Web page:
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Grassroots Radio Waves
New Low Power FM stations for the Methow Valley

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The Federal Communications Commission (FCC) granted licenses to three low-power FM stations in the Methow Valley. These stations were granted after an open-window application period allowed for more stations throughout the US. Over 2,800 applications came into the FCC during the application window.

Starting January 15, the FCC began approving applications. So far they have approved and granted 908 licenses. Of those, two were granted in Twisp and one in Winthrop.

A stipulation within the low-power FM application states that all new applicants must be affiliated with a non-profit organization. Twisp will have two stations, one from St. Genevieve’s Catholic Church and the other from the American Legion Hall. The Winthrop area will have Methow Valley Radio (KTRJ).

The Methow Valley Radio will be heard on local airwaves soon, said Corrigan. The Methow Valley Radio has already ordered its 300W transmitter and will begin testing transmissions in the near future. The station’s priority is to provide emergency broadcasting services to the area.

Corrigan said that the KTRJ FM could be broadcasting within a week of getting the needed hardware. ”I am excited,” said Corrigan. ”The Methow Valley will have expanded opportunity for local grass roots broadcasting.”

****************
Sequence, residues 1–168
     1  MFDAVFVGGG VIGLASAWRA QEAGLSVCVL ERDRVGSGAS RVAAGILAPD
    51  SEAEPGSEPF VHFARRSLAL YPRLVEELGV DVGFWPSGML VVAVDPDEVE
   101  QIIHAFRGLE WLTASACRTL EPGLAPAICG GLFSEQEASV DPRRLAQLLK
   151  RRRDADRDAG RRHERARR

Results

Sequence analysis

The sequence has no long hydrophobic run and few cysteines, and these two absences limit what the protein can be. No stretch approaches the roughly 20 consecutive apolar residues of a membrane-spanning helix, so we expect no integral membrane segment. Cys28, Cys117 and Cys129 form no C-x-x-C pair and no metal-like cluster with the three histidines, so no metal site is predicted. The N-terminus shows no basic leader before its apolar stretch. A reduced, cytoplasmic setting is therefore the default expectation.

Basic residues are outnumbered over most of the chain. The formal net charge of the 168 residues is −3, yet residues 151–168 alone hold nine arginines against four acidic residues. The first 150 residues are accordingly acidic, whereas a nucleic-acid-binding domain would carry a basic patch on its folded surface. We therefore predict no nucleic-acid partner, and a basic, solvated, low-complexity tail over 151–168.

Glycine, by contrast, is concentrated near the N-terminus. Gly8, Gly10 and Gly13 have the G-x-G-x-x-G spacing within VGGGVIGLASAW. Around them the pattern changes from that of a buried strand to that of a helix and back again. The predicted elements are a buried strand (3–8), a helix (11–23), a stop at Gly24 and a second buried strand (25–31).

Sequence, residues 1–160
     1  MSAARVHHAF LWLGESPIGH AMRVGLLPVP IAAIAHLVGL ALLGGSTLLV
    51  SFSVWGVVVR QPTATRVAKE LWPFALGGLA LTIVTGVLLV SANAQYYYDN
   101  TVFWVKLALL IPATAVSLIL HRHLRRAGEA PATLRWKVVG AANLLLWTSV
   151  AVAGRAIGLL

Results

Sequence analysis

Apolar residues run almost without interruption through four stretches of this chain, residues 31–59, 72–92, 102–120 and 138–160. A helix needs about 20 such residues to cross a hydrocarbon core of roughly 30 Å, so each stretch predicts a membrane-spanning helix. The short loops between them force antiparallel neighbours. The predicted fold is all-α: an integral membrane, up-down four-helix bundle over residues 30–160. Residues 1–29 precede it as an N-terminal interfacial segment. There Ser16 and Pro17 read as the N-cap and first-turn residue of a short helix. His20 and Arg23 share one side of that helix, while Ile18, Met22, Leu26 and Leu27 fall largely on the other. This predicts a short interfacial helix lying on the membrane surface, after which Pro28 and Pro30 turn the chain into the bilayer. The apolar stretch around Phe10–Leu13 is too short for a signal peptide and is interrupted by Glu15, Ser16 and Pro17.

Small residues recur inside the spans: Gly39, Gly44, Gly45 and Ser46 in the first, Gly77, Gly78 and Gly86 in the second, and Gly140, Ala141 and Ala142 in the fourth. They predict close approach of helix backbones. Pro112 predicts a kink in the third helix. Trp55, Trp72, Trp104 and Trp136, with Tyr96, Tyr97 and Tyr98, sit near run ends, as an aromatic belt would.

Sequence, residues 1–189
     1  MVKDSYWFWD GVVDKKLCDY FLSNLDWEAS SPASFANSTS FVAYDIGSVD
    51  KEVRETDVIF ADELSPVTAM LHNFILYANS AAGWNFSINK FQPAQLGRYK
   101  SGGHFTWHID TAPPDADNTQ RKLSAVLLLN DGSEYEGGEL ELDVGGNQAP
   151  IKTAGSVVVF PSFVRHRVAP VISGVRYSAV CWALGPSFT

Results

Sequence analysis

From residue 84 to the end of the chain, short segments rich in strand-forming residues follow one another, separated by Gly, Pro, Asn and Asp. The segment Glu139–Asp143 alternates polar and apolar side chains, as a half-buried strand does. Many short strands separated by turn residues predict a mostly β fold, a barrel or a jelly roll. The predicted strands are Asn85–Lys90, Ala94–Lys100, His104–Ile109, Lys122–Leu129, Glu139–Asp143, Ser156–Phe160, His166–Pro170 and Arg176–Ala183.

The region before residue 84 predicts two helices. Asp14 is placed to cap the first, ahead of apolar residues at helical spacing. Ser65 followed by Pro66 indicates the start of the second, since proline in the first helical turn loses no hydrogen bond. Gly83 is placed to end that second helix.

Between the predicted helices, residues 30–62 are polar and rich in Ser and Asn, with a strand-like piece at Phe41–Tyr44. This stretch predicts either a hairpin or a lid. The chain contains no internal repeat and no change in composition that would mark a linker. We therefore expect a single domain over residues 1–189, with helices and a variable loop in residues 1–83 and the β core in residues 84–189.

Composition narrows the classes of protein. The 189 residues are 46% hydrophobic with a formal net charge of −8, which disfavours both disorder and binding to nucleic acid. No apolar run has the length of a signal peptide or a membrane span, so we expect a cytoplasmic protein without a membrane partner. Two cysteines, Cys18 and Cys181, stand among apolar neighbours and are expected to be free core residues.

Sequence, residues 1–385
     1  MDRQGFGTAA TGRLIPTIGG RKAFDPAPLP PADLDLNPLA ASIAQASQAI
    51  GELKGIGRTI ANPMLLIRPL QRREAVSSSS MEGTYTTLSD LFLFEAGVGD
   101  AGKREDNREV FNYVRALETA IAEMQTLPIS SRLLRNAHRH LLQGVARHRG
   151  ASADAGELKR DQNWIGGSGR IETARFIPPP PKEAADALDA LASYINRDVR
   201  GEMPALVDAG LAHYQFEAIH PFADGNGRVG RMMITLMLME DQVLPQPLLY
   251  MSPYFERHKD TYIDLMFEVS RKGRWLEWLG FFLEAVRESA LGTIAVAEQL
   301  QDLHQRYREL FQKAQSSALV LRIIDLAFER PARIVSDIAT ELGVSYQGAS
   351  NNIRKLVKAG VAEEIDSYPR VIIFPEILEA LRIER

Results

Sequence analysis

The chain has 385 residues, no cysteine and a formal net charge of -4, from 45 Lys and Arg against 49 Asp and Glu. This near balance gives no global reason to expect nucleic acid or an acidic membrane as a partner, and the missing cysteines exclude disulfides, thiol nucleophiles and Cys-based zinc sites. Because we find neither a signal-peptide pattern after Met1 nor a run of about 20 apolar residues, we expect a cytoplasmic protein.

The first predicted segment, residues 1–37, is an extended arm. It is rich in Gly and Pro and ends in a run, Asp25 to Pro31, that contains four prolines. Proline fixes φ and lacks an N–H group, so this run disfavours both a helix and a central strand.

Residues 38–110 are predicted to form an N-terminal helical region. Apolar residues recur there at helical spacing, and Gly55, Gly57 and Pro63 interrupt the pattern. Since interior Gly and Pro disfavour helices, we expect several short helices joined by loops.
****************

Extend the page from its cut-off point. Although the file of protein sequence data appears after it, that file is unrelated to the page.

Father Nicks of St. Genevieve’s Parish sees a lot of work ahead of him. ”We have the government’s permission to transmit a broadcast,” said Father Nicks. “Now all we need is the hardware and a place to put the radio tower.”

”There are a lot of things to consider,” said Nicks, ”but if we have the resources for the equipment, a consistent pool of interested people and the local talent, there are tons of possibilities.”

Nicks is considering tapping in to the global broadcasting company Eternal Word Television Network (EWTN) for some content. In addition to EWTN’s services, Nicks hopes to broadcast high school sports games.

The Twisp legion hall is located close to the Methow river at one of the lowest points in town. For Tristan Gilbert, Service officer and Commander of the legion hall, (lack of) high ground is the biggest challenge.

Gilbert is trying to raise the funds needed for the radio station. He is hoping to receive legion approval to construct an 11 meter tower. With the low elevation, Gilbert hopes to have a four mile reach. ”It’d be enough to cover downtown Twisp,” said Gilbert.

Gilbert anticipates the legion station will be based on four ideals of service: national security, children and youth, veteran’s services, and Americanism. He wants to provide a venue for local musicians and encourage teens to have their own radio shows. ”I want this station to help kids and veterans and musicians in the area,” said Gilbert.

Estimated costs to construct a station and purchase all the hardware ranges from $10,000 to $20,000. Each of the granted licenses are mandated to complete the activation of their stations within 18 months.



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